After some of the backlash that Comcast has heard regarding their new program to turn all of their customers’ routers into open WiFi points, you’d think that people would be wary of trying to convince others that leaving a portion of their WiFi bandwidth completely open for others to use would be a bad idea. But… that’s exactly what the people at the Open Wireless Movement are attempting to do. Led by members of the Electronic Frontier Foundation (EFF), this organization is committing to release an Open Source router firmware that makes altruistic bandwidth sharing part of its core functionality.
We’ve always thought that while open sharing is a good idea in theory, it should be looked upon as highly dangerous. There are a myriad of reasons why this is true, and the Open Wireless Movement tries to deal with all of them. One glaring problem would seem to be that opening up your WiFi signal would be a clear violation of just about every ISP’s terms and conditions. Why, after all, would they want or allow you to share your internet connection with a neighbor? Still, the group does list a handful of open-friendly ISPs on their website.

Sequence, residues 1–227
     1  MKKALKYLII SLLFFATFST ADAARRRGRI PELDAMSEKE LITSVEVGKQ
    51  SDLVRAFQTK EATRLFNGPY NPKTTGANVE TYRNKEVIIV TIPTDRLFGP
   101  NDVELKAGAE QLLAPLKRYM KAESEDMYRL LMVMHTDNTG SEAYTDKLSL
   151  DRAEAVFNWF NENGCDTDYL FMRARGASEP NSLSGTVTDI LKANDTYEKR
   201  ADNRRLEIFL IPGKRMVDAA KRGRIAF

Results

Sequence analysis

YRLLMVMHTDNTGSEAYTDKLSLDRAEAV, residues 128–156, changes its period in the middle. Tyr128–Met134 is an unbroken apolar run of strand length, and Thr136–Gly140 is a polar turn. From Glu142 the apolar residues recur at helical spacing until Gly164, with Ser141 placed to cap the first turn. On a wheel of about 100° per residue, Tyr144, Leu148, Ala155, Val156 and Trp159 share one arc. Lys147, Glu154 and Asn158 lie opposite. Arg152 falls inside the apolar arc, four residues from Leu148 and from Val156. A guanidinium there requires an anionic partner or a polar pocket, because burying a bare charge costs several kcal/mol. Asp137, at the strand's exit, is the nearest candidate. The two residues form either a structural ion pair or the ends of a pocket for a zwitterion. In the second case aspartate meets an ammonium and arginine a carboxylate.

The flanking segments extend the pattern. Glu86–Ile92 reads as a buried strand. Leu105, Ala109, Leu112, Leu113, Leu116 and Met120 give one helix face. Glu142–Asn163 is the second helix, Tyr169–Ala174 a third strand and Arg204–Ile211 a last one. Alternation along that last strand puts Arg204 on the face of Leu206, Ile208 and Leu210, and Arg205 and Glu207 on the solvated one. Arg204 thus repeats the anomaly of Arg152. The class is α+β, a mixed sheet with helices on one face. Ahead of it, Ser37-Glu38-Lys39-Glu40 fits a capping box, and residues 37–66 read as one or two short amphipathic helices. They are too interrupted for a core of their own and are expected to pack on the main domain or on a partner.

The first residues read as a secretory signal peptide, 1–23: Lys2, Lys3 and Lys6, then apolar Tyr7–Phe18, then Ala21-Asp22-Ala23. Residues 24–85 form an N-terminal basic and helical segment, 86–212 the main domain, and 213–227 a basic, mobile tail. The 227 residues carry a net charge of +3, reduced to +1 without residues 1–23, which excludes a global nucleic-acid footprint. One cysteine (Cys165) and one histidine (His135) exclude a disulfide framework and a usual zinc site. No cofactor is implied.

But probably our main objection to such a system is the security and privacy concerns. What happens if one of the user’s that you so graciously share our connection anonymously with happens to do something unsavory or worse, illegal? And what if they choose to do it while cloning the MAC address of your laptop so it really looks like you’re doing it? The group’s response on whether or not this is an actual problem:
This one is a bit more complicated, but the short answer is, “We don’t think so.”
Huh??? In an environment where the courts are totally ignorant of technology, and the unfortunate belief will be the presumption of guilt until proven innocent, how is “We don’t think so” a response?
We like the attempt that’s being made to make the world a better place, but are afraid that there are too many potential problems here.